The timebase is switched on and off (trace, flyback) using a bistable multi-vibrator which is pretty typical practise. However, there is no Schmitt trigger between the vertical signal and the control multi. There is a cathode coupled trigger amp thats allows triggering on positive or negative going signals. The DC output level of the trigger amp is variable so that the trigger signal may be shifted relative to the DC trigger point of the control multi, in this way the DC level on the signal at which the timebase starts may be set of varied. Because there is no fast squaring (Schmitt Action) of the triggering signal followed by differentiation to produce a sharp trigger pulse, this system is unsuited to fast events.
The timebase essentially consists of a bistable control multi and a positive going sweep generator. The multi is anode triggered with the triggering signal being applied via a diode (so that it is negative going) to the input tube that is off, awaiting a trigger. This forces the anode voltage down, this change is communicated to the grid of the on tube causing it to cease conducting and the multi to flip states and the off (input) tube turns on, the anode voltage falling further. The multi remains in this state for the duration of the sweep. The resulting negative pulse is used to turn the timing capacitor discharge tube off and the capacitor starts to charge. Linearity of the charge process is ensured by bootstrapping the charge to a control tube across the charge resistor, maintaining the voltage across the charge resistor constant and thus the charge current also. The sweep voltage rises approximately 90V and is communicated to the grid of the off tube of the multi, causing it to turn back on resulting in a positive going pulse at the grid of the sweep discharge tube, turning it on, and discharging the timing capacitor. With this action, the input tube of the multi is now returned to the off state and the circuit is ready to receive the next trigger. Delay between the discharge process and the next sweep to ensure that the discharge is complete is accomplished by an RC time constant on the grid of the discharge tube causing it to turn on a little after the multi flips back to the sweep state. This is a simplified hold-off, in better designs the hold-off time constant is switched to different values with the sweep range switch. There are 6 ranges, 10µS/div to 1S/div together with a 1X, 2X and 5X times multiplier such that the range of the timebase is 10µS/div to 10S/div. There is also a 10X continuous multiplier control.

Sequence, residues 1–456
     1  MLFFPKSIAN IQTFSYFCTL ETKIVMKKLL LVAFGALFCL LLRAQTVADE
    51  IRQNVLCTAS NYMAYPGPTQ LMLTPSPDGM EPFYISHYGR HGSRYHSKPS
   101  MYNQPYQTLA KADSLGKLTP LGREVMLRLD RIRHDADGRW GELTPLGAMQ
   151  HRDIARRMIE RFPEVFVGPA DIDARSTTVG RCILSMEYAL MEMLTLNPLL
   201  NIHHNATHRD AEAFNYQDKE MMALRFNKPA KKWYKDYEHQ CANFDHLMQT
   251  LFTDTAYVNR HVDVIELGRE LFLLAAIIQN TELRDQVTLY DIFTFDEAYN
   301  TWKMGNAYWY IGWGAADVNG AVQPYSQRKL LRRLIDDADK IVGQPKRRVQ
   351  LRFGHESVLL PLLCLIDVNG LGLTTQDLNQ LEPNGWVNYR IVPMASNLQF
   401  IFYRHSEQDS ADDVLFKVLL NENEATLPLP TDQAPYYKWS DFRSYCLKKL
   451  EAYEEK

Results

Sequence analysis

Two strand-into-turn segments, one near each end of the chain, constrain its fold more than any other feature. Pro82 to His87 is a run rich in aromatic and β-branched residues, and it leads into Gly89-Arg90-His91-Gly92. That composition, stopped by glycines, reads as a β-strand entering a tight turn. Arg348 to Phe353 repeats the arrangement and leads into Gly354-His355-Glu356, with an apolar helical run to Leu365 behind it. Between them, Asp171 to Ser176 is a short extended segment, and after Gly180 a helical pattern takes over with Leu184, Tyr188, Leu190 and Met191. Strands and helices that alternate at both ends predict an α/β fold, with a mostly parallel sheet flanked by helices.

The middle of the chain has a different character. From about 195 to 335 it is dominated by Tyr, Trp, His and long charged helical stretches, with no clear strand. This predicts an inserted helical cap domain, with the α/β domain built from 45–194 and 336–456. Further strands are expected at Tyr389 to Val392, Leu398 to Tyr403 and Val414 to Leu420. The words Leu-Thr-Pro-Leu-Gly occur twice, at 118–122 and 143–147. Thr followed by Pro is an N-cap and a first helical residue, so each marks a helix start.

This is a clever solution to the problem of coupling the unblanking signal (positive pulse from the timebase control multi) to the beam control (usually grid) element of the CRT. What Hughes did was to turn a self excited oscillator on and off using the unblank pulse. The oscillator runs at around 10.5MHz. The oscillation is fed via a low impedance transmission line to a receiving coil and capacitor that is tuned to the same frequency as the oscillator. The resulting voltage is doubler rectified and applied to the grid of the CRT. Neat.
This consists of a HV oscillator driving an air cored transformer at around 300KHz. A sample is taken from the rectified output and via an amplifier is used to control the screen voltage of the parallel oscillator tubes thereby regulating the output in the usual way. The PDA voltage is 4.3KV while the grid and cathode supply is around -2.85KV.
“Low” Voltage Supplies.
Per Tektronix (and everybody else after Tek showed the way), there is a precision -200V rail, this is used as the reference for stacked +200V and +450V rails. There is also an unregulated +325V rail.
The first job was sorting out replacements for the missing tubes and using Deoxit on all the tube sockets. Then came replacing burnt out power supply protection resistors, a couple of the caps required re-forming and most probably replacement soon. Once this was done, the regulated supplies came in a little low but all in tolerance, the drop-out point was well below line voltage. It was not long before I realised that something was not quite right with the HV (CRT) supply which is a 300KHz high frequency oscillator type with the oscillator amplitude being modulated by amplified DC error feedback from the output to the oscillator screen grid regulator. It uses 2 1X2B rectifiers and on checking them, the negative supply rectifier was very weak so I replaced it too. I was then able to get the negative (-2.85kV) and PDA (+4.3kV) supplies in tolerance though the regulation is not solid and the voltages do vary a little as the intensity control is operated. I can find no obvious reason for this, all components are good and the screen regulator amplifier tube is good too. Here are a couple of views of the HV PSU:
I particularly like the air-cored, pie-wound HV transformer and the intensity and focus control universal joints. The rectifier heaters are supplied by the loops around the base of the transformer.
Interestingly, while the PSU reservoir caps were OK (well, after reforming 2 of them anyway), I did find it necessary to replace the regulator output shunt caps. (Caps that are not designed to handle rectification charging currents are less robust, insulation-wise.) One of them was tucked at the lower back corner of the PCB with the power transformer on the foil side so I had to remove the power transformer from its mounting. If you click on this picture, you will just be able to make out the offending cap behind the wiring in the lower right-hand corner:
And here is the transformer side with the plug-in cage, the CRT and shield and the HV PSU removed: